If we were Modern Bride magazine, we’d probably call these “wedding traditions” rather than superstitions. But think about it—most of them were started by people who believed in evil spirits and witches and talismans.
The veil has served a number of purposes throughout history, including: 1) protecting the bride from the “evil eye;” 2) protecting her from jealous spinsters (who might also be witches); and 3) protecting the groom, his family, and other wedding guests from the bride’s psychic powers—just in case she has any.
A toned-down but direct throwback to the days when the couple was required to consummate their marriage in the presence of several witnesses, to insure that the consummation actually took place.
Bride’s Garter and Bouquet of Flowers
Originally the groomsmen fought with each other to see who would get the bride’s garter, which was supposed to bring good luck to the person who possessed it. But the Catholic Church frowned on the rowdy practice, and it was eventually replaced by a milder custom: the bride throwing a bouquet of flowers to her bridesmaids. Today the customs exist side by side.
One of the oldest wedding practices. Ancient Egyptians, Romans, and Greeks all exchanged rings during their wedding ceremonies. Because a circle is a round, unending shape, it came to symbolize the ideal love that was supposed to come from marriage: it flowed from one person to the other and back again, forever. The ring has always been worn on the left hand—and was originally worn on the thumb. It was later moved to the index finger and then to the middle finger, and eventually ended up on the third, or “medical,” finger. Reason: The third finger was believed to lead straight to the heart, via a single nerve.
This European tradition dates back hundreds of years and gets its name from the fact that newlyweds were expected to drink honey (believed to be an aphrodisiac) during the period of one full cycle of the moon (about a month).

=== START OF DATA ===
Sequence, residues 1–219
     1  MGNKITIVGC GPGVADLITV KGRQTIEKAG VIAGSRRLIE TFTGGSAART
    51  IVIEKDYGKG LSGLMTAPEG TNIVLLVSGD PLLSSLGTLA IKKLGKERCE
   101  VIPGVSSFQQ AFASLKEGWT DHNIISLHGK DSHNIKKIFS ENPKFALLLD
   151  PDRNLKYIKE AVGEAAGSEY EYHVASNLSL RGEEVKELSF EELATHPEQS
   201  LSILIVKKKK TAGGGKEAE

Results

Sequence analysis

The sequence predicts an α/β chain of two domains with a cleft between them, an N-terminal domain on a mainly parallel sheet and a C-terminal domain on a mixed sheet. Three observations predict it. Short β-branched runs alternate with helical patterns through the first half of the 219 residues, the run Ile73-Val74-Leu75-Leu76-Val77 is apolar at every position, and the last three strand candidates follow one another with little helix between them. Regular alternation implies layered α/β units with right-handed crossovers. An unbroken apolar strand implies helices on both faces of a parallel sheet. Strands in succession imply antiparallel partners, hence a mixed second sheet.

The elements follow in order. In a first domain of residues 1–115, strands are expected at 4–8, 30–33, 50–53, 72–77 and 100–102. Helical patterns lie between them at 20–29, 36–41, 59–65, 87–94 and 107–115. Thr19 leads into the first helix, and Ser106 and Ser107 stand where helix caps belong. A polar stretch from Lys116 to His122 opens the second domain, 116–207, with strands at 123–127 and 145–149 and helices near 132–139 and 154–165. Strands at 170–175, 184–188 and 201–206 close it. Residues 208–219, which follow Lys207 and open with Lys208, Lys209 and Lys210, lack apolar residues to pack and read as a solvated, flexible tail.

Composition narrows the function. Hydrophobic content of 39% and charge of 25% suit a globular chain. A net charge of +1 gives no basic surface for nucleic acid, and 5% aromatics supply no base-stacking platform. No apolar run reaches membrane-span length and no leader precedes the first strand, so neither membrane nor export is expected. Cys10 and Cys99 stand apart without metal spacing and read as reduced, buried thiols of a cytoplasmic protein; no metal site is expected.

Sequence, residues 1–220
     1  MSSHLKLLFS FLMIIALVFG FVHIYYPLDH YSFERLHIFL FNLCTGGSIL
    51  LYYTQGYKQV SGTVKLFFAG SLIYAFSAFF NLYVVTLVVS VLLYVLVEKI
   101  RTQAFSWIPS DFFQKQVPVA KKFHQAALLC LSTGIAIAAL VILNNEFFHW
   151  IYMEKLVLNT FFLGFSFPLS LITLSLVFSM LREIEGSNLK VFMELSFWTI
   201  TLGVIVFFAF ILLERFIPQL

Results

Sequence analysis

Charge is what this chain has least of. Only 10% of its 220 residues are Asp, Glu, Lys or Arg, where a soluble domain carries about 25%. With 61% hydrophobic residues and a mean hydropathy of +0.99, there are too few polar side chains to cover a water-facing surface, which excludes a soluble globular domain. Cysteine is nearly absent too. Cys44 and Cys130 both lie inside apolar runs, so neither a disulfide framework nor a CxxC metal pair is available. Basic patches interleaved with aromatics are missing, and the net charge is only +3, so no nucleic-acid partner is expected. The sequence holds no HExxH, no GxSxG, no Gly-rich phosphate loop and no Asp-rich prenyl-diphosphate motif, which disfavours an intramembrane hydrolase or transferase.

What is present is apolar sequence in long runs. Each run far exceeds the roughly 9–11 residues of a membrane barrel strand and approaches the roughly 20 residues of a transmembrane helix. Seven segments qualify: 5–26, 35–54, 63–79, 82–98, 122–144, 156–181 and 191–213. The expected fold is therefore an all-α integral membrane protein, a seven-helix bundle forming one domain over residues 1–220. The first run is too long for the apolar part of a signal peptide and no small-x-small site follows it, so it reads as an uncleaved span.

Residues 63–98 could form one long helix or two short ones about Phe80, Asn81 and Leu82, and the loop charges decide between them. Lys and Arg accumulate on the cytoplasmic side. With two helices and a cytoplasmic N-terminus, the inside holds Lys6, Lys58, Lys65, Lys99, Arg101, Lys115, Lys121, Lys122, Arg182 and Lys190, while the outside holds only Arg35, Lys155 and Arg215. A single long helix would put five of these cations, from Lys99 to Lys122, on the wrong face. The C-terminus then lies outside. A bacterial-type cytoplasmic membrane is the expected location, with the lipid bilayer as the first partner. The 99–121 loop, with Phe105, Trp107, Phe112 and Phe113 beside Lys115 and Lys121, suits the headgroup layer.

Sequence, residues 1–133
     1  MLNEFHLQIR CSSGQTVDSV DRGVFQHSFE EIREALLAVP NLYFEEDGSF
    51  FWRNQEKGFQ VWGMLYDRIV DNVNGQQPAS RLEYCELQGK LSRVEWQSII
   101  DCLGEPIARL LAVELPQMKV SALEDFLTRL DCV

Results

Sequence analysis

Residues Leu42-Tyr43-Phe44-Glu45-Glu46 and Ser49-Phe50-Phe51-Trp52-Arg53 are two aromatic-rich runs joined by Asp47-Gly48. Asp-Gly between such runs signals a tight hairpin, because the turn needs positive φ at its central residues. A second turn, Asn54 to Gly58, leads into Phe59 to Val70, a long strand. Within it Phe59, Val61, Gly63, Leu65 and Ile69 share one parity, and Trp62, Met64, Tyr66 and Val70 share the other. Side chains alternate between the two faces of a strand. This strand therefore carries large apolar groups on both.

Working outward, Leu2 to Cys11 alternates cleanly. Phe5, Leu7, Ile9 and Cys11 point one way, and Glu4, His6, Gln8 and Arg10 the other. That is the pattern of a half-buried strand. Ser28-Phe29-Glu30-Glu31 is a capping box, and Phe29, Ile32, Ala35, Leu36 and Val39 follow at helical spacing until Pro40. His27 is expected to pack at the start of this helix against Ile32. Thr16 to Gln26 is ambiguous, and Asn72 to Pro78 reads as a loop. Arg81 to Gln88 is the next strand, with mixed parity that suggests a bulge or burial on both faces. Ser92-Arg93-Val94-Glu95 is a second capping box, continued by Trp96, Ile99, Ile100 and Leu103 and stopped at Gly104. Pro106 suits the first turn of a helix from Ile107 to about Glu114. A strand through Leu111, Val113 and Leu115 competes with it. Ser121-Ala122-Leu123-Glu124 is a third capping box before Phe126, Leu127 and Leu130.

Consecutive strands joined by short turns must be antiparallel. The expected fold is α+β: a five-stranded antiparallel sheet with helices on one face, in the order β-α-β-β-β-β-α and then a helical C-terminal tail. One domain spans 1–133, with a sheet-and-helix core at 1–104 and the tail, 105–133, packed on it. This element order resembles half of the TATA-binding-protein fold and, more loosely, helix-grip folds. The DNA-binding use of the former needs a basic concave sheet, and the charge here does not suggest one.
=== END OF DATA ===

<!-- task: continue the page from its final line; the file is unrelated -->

Throwing Rice or Confetti
Originally a fertility ritual. Wedding guests threw wheat at the bride only, in the hope that she would bear children the same way that wheat produced bread.
Guests originally gave “bride-cakes” to a just-married woman to encourage fertility.
It was customary for Romans to marry in June to honor the queen of the gods, Juno—who was also the goddess of women. They hoped to win her favor to make the marriage last, and make childbirth easier.
Carrying the Bride Over the Threshold
Romans thought good and evil spirits hung around the entrance of a home. They also believed that if you walked into your house left foot first, the evil spirits won. So to be sure the bride—whom Romans figured was “in a highly emotional state and very apt to be careless”—didn’t accidentally step into her new home with the wrong foot, the groom just picked her up and carried her.
In pre-Christian Rome, newlyweds hired an “official joker” to tell dirty stories to guests during the reception. The Romans believed that “unclean” thoughts in the minds of guests turned the attention of vengeful gods away from the newlyweds, which helped protect them from evil.
Decorating the Wedding Car
In medieval France, when a couple was unpopular, people derided them publicly by banging on pots, kettles, etc. This was a charivari, or “rough serenade.” In America it became a shivaree, and people got the treatment from friends. This gave way to a new custom—trying to keep a couple from consummating their marriage by making noise at their window. When newlyweds began leaving weddings by car, the only way to harass them was to deface the vehicle.